Two facts remain: I am a sinner, and Christ offered Himself for payment of my sin. How then can I not stand for God's laws that declare me a sinner, knowing the price Christ paid for me when I broke God's laws? Would I have Christ sacrificed again?

Each of us will face moments of truth when we will show in our words and actions whether we understand God's laws are above man's. What will that moment reveal about our faith and our understanding of the price paid for our sins?

"Wherefore let them that suffer according to the will of God commit the keeping of their souls to him in well doing, as unto a faithful Creator."
I Peter 4:19


  1. An important message for today. I posted on my Facebook news page. Kathleen

  2. The day is coming when we will have to stand up for Christ in a 'do or die' way......are we prepared? We need to stay in the Word and in constant communication with God. He will give us the knowledge and courage needed. Great post, very insightful. God bless.

  3. Following Kathleen's example and spreading the word via Facebook and Twitter.

    This is a powerful reminder of exactly what we are to be about in this world. Thank you for putting is so well, so clearly, so precisely.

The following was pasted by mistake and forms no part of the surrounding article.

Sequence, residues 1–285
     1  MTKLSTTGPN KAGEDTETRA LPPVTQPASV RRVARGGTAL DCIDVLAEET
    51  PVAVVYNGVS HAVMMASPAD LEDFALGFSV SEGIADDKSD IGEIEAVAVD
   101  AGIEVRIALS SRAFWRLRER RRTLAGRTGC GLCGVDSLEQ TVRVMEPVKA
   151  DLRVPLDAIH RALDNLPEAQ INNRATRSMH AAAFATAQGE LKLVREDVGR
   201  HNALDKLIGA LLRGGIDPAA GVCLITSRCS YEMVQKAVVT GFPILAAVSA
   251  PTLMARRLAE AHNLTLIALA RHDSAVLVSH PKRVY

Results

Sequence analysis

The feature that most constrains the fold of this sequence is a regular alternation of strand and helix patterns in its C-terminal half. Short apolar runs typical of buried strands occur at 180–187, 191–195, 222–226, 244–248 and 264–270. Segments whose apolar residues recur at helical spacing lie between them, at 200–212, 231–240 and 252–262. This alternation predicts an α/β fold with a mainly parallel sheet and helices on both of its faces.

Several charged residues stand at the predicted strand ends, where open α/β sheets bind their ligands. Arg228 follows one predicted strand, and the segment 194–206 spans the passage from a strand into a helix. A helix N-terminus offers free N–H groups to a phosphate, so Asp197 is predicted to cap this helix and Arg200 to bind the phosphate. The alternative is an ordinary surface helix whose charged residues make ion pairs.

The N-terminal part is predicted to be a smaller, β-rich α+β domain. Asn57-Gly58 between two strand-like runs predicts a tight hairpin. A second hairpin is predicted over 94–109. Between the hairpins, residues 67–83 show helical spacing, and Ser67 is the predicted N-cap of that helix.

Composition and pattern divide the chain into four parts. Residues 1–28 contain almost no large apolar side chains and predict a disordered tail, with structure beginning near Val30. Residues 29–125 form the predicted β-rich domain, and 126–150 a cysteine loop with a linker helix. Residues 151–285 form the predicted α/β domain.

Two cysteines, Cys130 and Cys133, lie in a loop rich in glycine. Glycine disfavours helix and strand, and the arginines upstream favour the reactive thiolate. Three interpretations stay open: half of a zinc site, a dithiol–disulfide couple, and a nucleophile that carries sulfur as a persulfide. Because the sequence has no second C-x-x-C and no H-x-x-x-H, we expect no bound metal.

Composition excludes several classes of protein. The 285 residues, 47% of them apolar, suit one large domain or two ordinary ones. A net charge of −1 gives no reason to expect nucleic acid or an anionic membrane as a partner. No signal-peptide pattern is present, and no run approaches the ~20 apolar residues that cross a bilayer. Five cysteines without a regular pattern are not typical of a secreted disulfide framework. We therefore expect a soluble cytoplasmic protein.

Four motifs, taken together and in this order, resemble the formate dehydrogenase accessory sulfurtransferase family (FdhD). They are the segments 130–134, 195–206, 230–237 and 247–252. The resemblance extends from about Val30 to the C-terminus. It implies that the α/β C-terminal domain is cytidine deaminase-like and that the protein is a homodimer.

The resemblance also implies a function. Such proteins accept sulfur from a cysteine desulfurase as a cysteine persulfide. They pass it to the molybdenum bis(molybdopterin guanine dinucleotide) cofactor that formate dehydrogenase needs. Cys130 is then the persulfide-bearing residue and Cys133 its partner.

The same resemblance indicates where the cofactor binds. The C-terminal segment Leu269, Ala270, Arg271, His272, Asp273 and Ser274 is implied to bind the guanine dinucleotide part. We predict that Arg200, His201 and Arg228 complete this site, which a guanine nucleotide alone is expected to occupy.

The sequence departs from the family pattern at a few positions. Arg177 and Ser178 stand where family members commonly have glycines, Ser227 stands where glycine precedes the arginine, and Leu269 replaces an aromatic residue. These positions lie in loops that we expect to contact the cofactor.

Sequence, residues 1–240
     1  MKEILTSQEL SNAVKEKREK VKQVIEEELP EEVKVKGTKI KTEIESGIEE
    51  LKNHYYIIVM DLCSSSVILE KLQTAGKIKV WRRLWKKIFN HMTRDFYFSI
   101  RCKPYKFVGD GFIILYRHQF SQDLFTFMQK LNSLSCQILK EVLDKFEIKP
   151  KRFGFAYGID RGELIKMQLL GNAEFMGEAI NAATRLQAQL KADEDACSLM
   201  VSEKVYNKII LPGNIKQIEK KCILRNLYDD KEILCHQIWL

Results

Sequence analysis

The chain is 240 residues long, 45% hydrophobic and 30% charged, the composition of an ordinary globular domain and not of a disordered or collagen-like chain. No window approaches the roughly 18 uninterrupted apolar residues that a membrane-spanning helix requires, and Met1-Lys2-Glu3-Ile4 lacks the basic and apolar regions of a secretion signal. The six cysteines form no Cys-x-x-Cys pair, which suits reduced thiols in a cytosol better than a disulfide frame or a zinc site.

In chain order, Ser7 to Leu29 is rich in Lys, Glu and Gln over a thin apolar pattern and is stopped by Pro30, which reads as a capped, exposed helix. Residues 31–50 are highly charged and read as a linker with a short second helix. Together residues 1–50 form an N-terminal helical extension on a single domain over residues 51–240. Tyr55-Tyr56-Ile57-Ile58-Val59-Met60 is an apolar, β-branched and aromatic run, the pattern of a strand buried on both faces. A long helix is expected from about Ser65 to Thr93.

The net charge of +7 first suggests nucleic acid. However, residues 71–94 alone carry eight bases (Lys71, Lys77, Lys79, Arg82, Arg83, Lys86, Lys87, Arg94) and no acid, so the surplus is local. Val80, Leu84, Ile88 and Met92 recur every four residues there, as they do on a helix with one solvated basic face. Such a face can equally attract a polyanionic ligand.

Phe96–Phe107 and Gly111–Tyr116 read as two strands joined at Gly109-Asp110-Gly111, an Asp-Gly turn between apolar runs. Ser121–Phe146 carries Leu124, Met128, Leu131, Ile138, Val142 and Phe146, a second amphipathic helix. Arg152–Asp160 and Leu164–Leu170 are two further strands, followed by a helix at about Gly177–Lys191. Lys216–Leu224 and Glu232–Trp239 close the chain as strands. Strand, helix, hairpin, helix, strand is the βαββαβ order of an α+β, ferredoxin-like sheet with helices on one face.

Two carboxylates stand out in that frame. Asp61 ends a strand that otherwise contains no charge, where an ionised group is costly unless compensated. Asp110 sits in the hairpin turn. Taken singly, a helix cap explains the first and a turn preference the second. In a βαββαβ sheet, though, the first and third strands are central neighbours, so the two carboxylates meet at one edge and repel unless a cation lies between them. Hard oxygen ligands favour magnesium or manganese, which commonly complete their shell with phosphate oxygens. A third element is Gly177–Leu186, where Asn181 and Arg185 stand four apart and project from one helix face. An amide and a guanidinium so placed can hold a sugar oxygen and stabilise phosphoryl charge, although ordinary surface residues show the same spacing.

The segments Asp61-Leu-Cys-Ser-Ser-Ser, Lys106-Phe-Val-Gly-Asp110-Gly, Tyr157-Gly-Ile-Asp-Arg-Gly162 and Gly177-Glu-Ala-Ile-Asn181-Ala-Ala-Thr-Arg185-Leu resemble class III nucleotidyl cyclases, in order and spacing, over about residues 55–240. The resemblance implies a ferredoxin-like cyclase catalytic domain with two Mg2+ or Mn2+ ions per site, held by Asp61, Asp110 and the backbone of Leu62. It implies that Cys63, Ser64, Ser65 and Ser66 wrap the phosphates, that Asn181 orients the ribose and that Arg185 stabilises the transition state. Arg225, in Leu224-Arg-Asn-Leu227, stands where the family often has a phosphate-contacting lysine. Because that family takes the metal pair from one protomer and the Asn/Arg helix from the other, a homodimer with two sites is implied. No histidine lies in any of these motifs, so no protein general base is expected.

4. Those of us who have been mocked or maligned for our faith know the pain of ridicule and rejection. Most of us, in this country, have not had to suffer worse, though the day may come when we are called to pay a heavier price. I think we need to be intentional in preparing should that time come so that we will respond in ways that honor God.

    Thanks for the powerful reminder and for sharing Henry Dunster's story.

  5. Lynn, I appreciate your words and the stand that you have taken. I recently took a similar stand in an organization. It was vary hard to leave, but I knew it was what God was leading me to do.

  6. Awhile ago I heard a discussion with a missionary and those in the ministry here. The missionary related stories of the dangers they faced in the country they were in, but he looked at those around him. "But you all have an even greater danger," he said. "The danger you face attacks the very souls of the people you are trying to reach." At the time, he was referring to the entertainment world and the secular school system.

    The things that draw the hearts and minds of people away from God are weapons far more dangerous than those that injure the physical body. But this is a discussion for another day. :)

  7. A very powerful post and reminder of how easy it is to avoid confrontation --but how wrong it is. Thank you Lynn.